Corruption and cover-ups form part of the thrilling plot in Haworth author, Edward Evans’ latest book. Murder, mystery intrigue – it could be the plot of an Agatha Christie novel.

    Crime fans will enjoy the trials and tribulations of Edward Evans’ latest book.

    ‘The Foundry Man’s Apprentice’ is clearly case for Edward’s well-known character – who readers have come to know and love – the Mail’s investigative journalist, Clive White.

    Haworth-based Edward, whose previous page-turners include ‘11 Py’; ‘Like a Fish out of Water;’ ‘The Piano;’ ‘Come on Granddad hold my hand;’ ‘For the Right Reasons;’ ‘Mooncar’ and ‘Two Old Dears’ focuses on the courageous character, Fred, in his latest tome.

    Fred is one of the families fondly known as the ‘Tremont Mob’ whose friendship and camaraderie develops from the harsh Victorian times in which they live within close-knit communities.

    Homes were generally over-crowded and rented either from landlords, or tied to their work and if they lost their job their employer would think nothing of turning their tenants out on the street.

    Conditions were cruel to put it mildly and poverty was prevalent but there was camaraderie between the children.

    The relationship between the families in Tremont Street, where Fred Wearing and his family lived, was akin to ‘being joined at the hip.

    ‘ ‘The Tremont Street Mob’ as they are fondly known grew up together and played together.

    In those days simple pleasures occupied their time; they used their imaginations and created their own fun.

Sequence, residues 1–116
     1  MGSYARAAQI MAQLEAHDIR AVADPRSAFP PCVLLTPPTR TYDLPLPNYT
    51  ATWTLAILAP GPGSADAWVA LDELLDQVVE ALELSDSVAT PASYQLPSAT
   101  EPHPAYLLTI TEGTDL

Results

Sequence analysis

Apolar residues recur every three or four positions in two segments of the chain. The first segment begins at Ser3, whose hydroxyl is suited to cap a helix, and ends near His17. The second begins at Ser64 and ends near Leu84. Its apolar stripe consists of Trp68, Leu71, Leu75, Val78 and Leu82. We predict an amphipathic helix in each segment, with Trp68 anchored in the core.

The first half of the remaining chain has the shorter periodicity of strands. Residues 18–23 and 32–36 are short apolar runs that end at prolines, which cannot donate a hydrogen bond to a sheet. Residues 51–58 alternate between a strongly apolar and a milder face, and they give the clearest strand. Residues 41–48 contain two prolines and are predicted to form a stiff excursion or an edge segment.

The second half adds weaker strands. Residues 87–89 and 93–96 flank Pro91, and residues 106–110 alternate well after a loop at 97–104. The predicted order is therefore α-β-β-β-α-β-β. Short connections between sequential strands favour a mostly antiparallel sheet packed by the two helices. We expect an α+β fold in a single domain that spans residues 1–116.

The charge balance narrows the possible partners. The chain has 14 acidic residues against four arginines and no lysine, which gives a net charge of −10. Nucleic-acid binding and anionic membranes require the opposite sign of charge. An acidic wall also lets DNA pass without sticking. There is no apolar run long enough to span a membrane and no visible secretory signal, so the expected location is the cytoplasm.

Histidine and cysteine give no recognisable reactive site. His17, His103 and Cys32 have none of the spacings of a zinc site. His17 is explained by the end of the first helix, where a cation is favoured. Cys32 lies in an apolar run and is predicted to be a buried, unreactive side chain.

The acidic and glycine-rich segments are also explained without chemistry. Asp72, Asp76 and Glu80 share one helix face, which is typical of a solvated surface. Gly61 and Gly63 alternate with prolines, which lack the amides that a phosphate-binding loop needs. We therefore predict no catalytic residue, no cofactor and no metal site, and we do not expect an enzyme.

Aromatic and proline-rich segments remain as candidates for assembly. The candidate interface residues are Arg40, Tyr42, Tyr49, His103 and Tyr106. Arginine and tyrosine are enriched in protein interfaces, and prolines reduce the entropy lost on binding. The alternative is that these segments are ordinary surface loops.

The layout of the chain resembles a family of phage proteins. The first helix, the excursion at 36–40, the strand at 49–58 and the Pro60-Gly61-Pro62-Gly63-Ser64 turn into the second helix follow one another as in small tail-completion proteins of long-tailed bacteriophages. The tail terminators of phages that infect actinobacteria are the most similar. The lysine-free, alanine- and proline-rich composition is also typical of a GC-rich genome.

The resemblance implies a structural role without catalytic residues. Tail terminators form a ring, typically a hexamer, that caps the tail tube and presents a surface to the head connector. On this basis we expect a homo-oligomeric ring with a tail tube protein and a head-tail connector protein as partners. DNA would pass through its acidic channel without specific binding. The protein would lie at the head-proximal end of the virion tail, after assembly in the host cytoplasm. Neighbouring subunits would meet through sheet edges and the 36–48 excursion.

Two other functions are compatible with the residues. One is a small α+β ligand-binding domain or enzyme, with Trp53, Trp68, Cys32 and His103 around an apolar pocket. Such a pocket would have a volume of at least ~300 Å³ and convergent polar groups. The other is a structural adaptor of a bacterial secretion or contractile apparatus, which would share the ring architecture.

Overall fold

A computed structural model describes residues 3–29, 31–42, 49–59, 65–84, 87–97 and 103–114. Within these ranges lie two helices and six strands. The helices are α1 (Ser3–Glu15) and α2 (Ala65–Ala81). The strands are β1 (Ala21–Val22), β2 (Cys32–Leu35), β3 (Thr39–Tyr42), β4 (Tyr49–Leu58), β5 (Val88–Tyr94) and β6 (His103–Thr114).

Large cardboard boxes were soon transformed into sailing vessels or even homes and boys went into battle with wooden swords and pretend guns.

    There was the usual bullying between those who were more ‘financially fortunate’ but with his mischievous ways Fred was the helpful, happy-go-lucky chap who got away with it – until he made a fool of the son of a company boss….

    As time progressed history caught up with Fred when he became Smith Jnr’s employee but he was smart enough to put up with the verbal assaults.

    ‘Fred’s philosophy was always that you can work anything to your advantage as long as you stop and think about it, which is exactly what he did,’ writes the author.

    Undeterred, and eager to reap revenge, Smith Jnr begins his attempts to frame Fred’s family who also worked for the company.

    Theft allegations from things planted in pockets were just some of the tricks played to discredit the family.

    Vengeful and clearly intent on settling a score, Smith Jnr isn’t a man to be messed with.

    Then there is the brutal rape of one of their own within this tight-knit neighbourhood.

    There are plenty more twists and turns in this thrilling tale but when Fred, the courageous leader and protector of this close-knit community, is murdered on the battlefield during the Great War and branded a coward, his death sparks a campaign for justice.

    And the man who can seek out the truth is none other than the Mail’s investigative journalist, Clive White.

    I won’t divulge too much of the plot, but there are many more revelations in Edward’s latest tome which, incidentally, tips a nod to the famous crime writer, Agatha Christie.